Is the Tea Party movement good or bad for the Republicans in this election cycle

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  1. Ken R. Abell profile image82
    Ken R. Abellposted 7 years ago

    Is the Tea Party movement good or bad for the Republicans in this election cycle?

  2. Joe Cleveland profile image57
    Joe Clevelandposted 7 years ago

    I think the prevailing sense of it is that they are bad for the GOP, because they give voters a choice between two conservatives, which will split the conservative votes and cause a Democrat to win.  My own belief is that it will not. 

    Incumbents of both parties should be worried about re-election, but especially Democrats.  Tea Party candidates who have run for the Republican nomination have been surprisingly successful, and conservative voters will vote for them at least as likely as they will for Democrats.  The notion that a Tea Party is a fringe movement cannot win a general election is simply mistaken.  Whether these protest candidates can become effective legislators and executives is another matter.

  3. wingedcentaur profile image83
    wingedcentaurposted 7 years ago

    I think the Tea Party movement will prove to be ultimately bad for the Republican Party. This movement, I don't think, will have any significantly homogenizing effect on both parties. I'm not sure, but considered historically, those movements which have been positive for this or that party has had a large effect on both parties, and the culture (as well as emanating from that culture).

    We might think about the Progressive Movement of the early twentieth century. That movement had an effect on both the Republicans and Democrats, forcing both to become more "progressive" (small p). It was a good government, reformist movement. I would identify movements like neoliberalism and neoconservatism as homogenizing movements, which have benefitted the party (speaking in pure political and cultural terms) that seems to have originated it; but make no mistake, their success came from their ability to shift the entire American culture.

    I may be missing something, but from where I sit I don't see the Tea Party as that kind of force. It is only, seemingly, conservatizing (I just invented the word 'conservatizing') the Republican and Libertarian parties and conservatives whose sympathies already lie in that direction.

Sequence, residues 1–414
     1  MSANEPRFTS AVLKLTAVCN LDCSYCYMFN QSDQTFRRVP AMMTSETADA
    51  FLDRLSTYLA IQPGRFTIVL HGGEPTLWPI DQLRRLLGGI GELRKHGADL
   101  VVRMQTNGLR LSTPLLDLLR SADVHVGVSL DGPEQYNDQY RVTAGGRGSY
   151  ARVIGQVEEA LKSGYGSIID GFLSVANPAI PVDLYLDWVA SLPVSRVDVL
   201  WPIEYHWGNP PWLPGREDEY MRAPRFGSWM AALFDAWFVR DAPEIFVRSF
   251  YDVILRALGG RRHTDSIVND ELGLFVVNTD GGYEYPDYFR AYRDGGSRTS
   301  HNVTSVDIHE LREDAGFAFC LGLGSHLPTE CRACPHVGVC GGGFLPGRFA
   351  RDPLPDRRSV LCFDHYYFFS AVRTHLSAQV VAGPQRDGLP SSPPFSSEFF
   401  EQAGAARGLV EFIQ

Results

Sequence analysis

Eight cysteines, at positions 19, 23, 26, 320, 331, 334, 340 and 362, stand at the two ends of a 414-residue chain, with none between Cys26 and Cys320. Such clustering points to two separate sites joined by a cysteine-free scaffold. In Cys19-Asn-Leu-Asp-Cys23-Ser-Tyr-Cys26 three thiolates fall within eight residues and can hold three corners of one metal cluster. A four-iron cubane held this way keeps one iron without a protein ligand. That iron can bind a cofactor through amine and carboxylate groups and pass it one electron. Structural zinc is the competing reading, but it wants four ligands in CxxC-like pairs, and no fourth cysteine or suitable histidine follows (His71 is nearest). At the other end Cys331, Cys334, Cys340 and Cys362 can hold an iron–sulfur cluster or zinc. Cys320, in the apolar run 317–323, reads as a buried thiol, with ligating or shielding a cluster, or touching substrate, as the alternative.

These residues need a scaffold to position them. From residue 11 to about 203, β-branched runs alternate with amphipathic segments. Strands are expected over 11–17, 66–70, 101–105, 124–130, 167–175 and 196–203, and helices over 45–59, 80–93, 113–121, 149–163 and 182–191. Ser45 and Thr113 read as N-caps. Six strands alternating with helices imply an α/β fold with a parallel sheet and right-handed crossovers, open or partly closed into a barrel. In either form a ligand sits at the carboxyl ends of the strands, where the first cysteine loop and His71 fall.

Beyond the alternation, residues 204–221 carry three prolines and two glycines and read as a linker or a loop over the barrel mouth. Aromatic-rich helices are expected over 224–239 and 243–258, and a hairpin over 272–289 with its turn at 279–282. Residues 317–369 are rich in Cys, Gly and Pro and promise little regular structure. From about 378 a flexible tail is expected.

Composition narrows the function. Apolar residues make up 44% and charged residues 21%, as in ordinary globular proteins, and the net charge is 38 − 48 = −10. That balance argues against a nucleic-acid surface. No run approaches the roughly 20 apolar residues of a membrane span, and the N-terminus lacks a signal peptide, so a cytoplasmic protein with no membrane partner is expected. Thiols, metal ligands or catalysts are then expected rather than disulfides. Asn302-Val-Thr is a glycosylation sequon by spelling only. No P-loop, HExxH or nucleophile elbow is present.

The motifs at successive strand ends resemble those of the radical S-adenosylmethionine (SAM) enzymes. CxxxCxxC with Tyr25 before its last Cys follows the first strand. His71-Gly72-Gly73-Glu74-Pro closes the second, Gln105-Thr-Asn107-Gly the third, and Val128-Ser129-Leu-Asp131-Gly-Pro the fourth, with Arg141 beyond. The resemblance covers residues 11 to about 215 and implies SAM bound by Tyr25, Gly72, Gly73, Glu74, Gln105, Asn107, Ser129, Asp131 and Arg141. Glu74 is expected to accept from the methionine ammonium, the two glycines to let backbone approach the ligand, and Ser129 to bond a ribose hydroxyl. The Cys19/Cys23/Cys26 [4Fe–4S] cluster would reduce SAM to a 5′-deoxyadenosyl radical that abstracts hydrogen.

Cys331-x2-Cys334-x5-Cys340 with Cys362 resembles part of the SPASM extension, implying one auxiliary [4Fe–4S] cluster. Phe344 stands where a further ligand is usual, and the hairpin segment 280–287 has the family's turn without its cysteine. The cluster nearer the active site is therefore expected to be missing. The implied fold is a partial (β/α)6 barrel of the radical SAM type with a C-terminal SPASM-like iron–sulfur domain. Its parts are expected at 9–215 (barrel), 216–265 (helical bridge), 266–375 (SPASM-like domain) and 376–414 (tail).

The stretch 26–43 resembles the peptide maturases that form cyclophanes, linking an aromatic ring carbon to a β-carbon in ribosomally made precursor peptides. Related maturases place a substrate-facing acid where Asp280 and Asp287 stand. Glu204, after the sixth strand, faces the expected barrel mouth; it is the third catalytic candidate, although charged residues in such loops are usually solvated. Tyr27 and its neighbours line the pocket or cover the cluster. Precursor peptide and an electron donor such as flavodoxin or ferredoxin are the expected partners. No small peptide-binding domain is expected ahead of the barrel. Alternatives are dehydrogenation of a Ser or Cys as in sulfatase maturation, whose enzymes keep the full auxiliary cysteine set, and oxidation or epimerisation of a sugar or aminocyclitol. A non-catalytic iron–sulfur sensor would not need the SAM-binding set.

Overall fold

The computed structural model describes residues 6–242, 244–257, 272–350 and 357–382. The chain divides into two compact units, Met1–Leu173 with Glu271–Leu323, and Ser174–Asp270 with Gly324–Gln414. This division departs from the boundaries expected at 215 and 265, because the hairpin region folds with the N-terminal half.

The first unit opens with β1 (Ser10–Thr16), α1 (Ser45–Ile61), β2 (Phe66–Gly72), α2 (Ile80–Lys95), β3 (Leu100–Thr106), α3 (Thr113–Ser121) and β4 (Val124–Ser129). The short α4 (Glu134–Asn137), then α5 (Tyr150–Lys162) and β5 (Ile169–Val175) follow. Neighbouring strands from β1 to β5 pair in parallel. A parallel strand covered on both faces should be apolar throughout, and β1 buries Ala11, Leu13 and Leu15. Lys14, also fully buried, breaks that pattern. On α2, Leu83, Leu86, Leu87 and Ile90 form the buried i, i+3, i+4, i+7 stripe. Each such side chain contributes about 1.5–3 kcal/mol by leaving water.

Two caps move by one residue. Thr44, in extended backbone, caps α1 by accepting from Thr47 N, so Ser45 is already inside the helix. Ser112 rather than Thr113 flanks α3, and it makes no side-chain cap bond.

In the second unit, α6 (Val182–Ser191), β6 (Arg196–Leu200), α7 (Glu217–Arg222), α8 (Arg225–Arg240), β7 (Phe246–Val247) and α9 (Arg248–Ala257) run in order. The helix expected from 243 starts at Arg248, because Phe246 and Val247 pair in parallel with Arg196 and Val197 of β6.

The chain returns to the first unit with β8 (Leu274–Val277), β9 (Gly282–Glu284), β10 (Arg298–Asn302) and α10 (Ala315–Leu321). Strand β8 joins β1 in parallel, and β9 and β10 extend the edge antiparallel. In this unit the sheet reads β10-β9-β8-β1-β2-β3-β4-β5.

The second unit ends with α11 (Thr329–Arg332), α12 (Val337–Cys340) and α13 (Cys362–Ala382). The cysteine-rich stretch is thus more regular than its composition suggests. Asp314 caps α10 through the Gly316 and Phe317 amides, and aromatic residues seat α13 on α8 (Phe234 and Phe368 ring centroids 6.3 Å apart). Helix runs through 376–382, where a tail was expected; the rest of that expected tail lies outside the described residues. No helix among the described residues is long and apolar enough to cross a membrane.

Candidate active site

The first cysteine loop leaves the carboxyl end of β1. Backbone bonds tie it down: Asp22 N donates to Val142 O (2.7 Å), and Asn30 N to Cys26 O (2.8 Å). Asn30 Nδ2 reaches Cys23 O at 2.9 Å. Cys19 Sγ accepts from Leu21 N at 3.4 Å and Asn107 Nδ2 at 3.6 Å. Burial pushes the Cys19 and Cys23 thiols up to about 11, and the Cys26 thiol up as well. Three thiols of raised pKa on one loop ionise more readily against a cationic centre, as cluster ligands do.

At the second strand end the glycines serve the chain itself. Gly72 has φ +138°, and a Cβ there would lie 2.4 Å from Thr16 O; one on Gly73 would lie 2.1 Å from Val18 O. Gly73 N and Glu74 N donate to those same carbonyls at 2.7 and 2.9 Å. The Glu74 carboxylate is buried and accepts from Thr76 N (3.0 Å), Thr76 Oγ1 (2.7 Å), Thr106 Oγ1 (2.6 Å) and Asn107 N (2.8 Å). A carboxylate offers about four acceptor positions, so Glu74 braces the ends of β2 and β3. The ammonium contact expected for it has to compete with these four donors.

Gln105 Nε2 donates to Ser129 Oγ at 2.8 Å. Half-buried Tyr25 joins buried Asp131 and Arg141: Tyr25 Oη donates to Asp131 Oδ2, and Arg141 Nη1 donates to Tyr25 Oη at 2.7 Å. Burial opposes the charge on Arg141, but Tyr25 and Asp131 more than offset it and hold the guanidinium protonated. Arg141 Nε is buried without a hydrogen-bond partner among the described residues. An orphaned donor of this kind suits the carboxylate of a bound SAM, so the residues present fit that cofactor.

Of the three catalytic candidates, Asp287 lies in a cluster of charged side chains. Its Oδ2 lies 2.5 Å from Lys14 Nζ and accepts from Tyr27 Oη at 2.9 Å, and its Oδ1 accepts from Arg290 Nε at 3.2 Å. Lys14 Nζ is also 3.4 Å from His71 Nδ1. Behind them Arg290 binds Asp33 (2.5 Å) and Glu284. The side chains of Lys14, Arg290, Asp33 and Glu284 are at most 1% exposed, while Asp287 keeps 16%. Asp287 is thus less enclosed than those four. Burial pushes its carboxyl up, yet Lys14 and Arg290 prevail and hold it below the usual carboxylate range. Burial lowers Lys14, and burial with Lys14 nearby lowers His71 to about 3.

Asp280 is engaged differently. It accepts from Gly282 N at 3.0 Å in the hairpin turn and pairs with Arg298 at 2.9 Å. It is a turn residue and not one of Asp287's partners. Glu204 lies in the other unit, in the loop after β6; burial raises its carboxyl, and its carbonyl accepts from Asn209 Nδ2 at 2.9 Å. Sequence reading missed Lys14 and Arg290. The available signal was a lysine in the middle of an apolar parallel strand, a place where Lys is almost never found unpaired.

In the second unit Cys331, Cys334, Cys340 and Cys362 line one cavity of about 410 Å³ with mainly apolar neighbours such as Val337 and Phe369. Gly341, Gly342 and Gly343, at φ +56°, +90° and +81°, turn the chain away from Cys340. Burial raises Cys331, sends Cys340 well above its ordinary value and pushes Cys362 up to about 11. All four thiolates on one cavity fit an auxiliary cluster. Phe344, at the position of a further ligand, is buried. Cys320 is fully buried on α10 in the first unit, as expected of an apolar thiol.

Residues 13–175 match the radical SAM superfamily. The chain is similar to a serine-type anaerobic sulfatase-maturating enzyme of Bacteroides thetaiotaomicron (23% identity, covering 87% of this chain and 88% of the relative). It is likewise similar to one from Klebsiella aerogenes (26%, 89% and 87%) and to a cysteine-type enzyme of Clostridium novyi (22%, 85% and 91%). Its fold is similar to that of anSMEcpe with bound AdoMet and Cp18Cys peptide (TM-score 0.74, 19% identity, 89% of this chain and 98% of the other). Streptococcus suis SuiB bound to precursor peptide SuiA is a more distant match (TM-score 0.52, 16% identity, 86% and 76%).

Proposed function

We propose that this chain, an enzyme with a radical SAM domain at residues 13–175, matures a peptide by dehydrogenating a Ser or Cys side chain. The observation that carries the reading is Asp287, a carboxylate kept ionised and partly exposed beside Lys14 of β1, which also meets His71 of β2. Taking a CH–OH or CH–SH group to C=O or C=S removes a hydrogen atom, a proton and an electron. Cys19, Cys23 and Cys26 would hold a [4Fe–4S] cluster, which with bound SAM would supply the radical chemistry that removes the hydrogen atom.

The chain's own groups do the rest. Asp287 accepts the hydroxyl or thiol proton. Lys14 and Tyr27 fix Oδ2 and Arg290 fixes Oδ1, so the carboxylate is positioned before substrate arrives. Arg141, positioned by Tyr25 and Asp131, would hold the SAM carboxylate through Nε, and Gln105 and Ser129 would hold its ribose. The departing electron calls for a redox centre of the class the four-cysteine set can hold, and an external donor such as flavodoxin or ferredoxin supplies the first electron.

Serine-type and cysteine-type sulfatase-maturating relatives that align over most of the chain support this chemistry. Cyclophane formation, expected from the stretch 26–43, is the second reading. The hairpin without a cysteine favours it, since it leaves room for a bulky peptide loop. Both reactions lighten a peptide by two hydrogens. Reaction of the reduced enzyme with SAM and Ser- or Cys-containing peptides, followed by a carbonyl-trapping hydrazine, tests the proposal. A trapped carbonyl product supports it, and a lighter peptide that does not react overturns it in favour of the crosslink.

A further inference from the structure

4. profile image0
    American Tigerposted 7 years ago

    The Tea Parties aren't so much a "movement" as a spontaneous reaction to the Hi-Handed hard left turn Obama took the country into. Nationalizing automobile manufacturers, the health-care insurance industry, banks and a host of other industries isn't ever a step "towards" liberty and freedom. Creating a Ruling Class Elite with two-dozen-plus unelected "Czars" who do not answer to Congress, yet wield Federal Power & Authority, smacks of Tyranny, not Democracy. Spending trillions of dollars on needless pork, which our Great Grandchildren will still be paying for, is hardly what anyone can call Fiscal Responsibility.

    The Tea (Taxed Enough Already) Party is a grass-roots response to the swift adoption of all those Socialist aimed agendas. We have NO desire to see our beloved nation go the way of Greece.

    If the old "country club" Republican political machine wants to cling to its dinosaur " moderate/centrist" model, and promote losing candidates like McCain again, they will find themselves out of a job in very little time.

    The Tea Party is soon to be the new face of the Conservative Republican Party. This current election cycle is just the beginning. We are sending dozens of Tea Party endorsed candidates to DC this November. I fully expect a Tea Party endorsed President, come 2012.

  5. colonial82 profile image60
    colonial82posted 7 years ago

    No it will hurt them because the Tea Party candidates that won primaries are far right and you need moderates to win a general election.

    Have a good day.

  6. Jimmy Fuentes profile image56
    Jimmy Fuentesposted 7 years ago

    In certain markets/states they have potentially been a bit of a drag (most notably Delaware). However, all of the enthusiasm and drive in the party is coming from the Tea Party and the Republicans will owe all of their success to the Tea Party.

    The catch with Delaware is this, O'Donnell is more in line with Conservative views, but sometimes you need the numbers for control of the senate. Jim Demint probably wouldnt win in Delaware, sometimes you have to take what you can get and follow the sage advice of "nominating the most conservative person..... WHO CAN WIN".

  7. Wayne Brown profile image83
    Wayne Brownposted 7 years ago

    There is potentially some of each the way I see it.  From a positive perspective, the Tea Party movement has done much to stimulate the conservative base...far more than the Republican Party has ever been able to do in exciting people to action at the polls.  That is a good thing for America in all respects if we are to maintain this country in the same genre in which it was formed.  On the negative side, one can argue that the pie is only so large thus, the more people who show up, the more ways the pie must be split.  In this situation, the Tea Party movement is conservative dominant of populated by many who would otherwise describe themselves as Republicans.  With that in mind, in those elections where there are Republicans running alongside Tea Party candidates and Dems/Liberals, it is highly possible that the conservative vote could get split in such a way as to allow the liberal candidate to gain the office.  WB

 
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